IndyCar wants to end the "random" elements of its races for 2018 and ensure "purity" by changing the rules regarding pitting under full-course yellow cautions.
Until now IndyCar has closed the pits under a full-course yellow and drivers who had stopped just before can vault to the front when the leaders pit after the caution ended.
Jay Frye, president of competition and operations at IndyCar, told Autosport the current format is too confusing and random.
"Every off-season we look at what we did in the prior season and examine what we can do better," he said.
"We check out what technology is out there for 2018 that maybe wasn't there going into '17, and figure out how that might help what we're currently doing.
"Closing the pits under yellow falls under that discussion topic.
"Anything we can do to make track position and running order less random, the better.
"We owe it to our teams, drivers and our fans to come up with a solution that doesn't randomise things, doesn't leave people asking questions and wondering what just happened."
Frye added that he would be attending this weekend's Formula 1 US Grand Prix to see if there is any transferable technology, as opening the pits under caution could create safety risks for drivers and team members.
"There's the purity of the event to consider, and also the safety component to consider," said Frye.
"Can we have a sort of hybrid procedure going forward, so pit closures aren't automatic?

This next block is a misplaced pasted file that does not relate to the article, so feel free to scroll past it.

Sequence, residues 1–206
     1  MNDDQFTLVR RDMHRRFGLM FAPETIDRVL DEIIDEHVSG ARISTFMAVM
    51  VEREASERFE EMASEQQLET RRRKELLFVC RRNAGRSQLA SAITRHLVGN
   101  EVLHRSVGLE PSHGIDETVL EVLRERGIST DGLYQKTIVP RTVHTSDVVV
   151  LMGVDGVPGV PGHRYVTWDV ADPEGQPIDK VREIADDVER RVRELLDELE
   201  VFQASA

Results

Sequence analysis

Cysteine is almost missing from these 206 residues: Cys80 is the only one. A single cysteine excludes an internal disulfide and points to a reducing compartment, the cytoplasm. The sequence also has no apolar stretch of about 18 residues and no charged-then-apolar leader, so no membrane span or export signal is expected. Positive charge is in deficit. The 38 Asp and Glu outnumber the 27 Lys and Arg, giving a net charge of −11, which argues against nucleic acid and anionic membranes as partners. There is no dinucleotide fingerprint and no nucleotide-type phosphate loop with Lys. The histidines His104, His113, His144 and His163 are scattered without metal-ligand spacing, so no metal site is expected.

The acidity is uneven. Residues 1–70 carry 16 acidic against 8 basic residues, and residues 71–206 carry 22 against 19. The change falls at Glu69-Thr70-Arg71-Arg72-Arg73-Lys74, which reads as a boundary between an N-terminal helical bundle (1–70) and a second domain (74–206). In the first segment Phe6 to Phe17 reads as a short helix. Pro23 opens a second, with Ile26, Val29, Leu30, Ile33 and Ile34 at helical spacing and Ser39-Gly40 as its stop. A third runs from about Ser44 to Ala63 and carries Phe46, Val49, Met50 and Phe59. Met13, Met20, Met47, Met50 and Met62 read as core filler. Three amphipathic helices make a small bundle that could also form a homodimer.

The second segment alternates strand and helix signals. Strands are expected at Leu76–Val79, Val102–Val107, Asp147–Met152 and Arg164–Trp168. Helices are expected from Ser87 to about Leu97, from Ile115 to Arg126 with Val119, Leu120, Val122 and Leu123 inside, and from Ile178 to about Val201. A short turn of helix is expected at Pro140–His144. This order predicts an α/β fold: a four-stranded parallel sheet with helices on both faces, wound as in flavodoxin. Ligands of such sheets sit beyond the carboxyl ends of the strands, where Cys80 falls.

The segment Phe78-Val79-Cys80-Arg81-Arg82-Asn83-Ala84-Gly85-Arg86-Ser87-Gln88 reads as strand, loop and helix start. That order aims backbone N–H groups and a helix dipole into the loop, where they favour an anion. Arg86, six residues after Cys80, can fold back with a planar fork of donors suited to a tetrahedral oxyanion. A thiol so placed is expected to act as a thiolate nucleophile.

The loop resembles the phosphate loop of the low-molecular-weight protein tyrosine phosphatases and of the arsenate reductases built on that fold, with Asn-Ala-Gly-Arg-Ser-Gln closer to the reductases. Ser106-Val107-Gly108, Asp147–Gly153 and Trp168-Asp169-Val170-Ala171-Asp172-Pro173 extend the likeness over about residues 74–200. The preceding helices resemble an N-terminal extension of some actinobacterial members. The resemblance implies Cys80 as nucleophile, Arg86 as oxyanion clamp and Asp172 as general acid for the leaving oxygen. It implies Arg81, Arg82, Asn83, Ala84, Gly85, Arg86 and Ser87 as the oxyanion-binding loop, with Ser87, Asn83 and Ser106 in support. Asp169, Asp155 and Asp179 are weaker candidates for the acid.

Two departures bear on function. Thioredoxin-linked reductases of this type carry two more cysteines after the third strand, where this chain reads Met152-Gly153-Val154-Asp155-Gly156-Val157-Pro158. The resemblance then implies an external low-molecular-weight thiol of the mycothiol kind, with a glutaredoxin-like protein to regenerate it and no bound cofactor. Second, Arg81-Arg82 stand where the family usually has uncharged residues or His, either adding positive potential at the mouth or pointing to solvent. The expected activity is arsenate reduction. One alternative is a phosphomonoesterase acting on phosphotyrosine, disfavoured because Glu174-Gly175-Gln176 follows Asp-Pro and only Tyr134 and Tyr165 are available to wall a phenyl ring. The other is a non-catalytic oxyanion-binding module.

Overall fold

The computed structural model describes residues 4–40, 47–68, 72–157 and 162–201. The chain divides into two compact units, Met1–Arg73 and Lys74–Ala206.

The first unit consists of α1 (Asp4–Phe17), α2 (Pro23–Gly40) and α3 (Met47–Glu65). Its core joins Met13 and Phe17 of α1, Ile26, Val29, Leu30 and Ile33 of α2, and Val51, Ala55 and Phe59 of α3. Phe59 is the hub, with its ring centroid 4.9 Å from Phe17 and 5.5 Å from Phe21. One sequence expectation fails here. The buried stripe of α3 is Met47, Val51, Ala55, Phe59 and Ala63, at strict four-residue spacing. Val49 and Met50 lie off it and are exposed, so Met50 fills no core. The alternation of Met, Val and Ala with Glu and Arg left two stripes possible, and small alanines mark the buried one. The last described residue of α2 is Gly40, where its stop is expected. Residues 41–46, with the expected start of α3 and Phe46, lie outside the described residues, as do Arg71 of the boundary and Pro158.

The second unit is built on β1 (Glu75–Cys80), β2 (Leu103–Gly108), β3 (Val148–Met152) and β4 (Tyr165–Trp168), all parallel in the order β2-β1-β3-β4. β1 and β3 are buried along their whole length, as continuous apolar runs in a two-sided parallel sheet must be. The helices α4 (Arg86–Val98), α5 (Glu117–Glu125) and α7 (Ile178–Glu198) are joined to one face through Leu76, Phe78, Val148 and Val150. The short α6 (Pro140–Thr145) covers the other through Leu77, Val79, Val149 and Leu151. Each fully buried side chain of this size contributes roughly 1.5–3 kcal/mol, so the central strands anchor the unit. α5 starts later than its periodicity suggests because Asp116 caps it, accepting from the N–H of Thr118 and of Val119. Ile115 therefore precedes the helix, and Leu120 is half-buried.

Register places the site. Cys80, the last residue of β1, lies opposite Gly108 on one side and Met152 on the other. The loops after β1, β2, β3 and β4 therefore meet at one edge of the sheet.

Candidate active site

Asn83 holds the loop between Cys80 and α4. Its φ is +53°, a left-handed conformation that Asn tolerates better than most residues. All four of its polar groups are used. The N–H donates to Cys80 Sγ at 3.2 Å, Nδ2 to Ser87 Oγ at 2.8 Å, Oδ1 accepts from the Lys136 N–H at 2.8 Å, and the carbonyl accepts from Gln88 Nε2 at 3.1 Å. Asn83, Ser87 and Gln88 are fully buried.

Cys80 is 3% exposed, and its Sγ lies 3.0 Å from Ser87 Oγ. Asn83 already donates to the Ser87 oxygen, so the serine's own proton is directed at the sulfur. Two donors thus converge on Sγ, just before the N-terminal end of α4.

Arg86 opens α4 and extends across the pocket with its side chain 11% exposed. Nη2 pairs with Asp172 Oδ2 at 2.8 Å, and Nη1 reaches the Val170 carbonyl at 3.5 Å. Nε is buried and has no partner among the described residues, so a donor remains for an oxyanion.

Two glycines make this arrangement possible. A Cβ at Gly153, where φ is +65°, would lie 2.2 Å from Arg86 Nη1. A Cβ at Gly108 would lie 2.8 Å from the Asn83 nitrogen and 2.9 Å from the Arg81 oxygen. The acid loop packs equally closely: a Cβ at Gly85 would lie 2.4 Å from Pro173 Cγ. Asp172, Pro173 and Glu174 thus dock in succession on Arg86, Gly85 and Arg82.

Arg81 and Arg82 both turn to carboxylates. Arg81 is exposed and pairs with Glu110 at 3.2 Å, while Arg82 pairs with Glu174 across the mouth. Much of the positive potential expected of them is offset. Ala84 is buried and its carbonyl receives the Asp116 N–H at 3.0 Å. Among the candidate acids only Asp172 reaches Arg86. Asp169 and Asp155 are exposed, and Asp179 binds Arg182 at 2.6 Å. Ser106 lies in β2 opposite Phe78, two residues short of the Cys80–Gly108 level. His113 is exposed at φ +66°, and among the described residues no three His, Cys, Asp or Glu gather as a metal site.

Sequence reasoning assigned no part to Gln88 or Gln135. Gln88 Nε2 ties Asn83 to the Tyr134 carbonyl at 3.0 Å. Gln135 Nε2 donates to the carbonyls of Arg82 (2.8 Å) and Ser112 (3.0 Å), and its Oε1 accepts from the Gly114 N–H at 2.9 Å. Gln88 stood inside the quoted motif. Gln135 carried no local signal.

"Can there be times when we don't close the pits, and times when we do?
"Maybe we do it differently according to the type of venue. Some of our limitations have been imposed by the diversity of the series' tracks.
"When we go to street courses, there are certain things we can't do. Timelines on city streets or runways can become an issue.
"But we are looking at different technology to see if we can find a solution."
Oval qualifying could change
Penske drivers Josef Newgarden and Will Power have both described IndyCar's current oval qualifying format as unfair, and Frye confirms it could potentially change.
IndyCar draws names out of a hat in order to set the running order of the one-by-one qualifying at all races outside of the Indianapolis 500.
Newgarden had said he would speak to Frye regarding its inherent unfairness to reward drivers who run later.
Frye says the format is under discussion and will "probably" change for 2018.
"We're definitely looking at it, again to remove this random element in a race weekend," he said.
"As you'd imagine, there's probably five or six legitimate ways of doing it differently - practice speeds, going in reverse order of points, and so on - and we're looking at several different options.
"Over the course of five or six events, the odds are that the order selection will shake out - good draw, bad draw - but it may not.
"I'm a big proponent of procedures and processes, and the less randomness the better."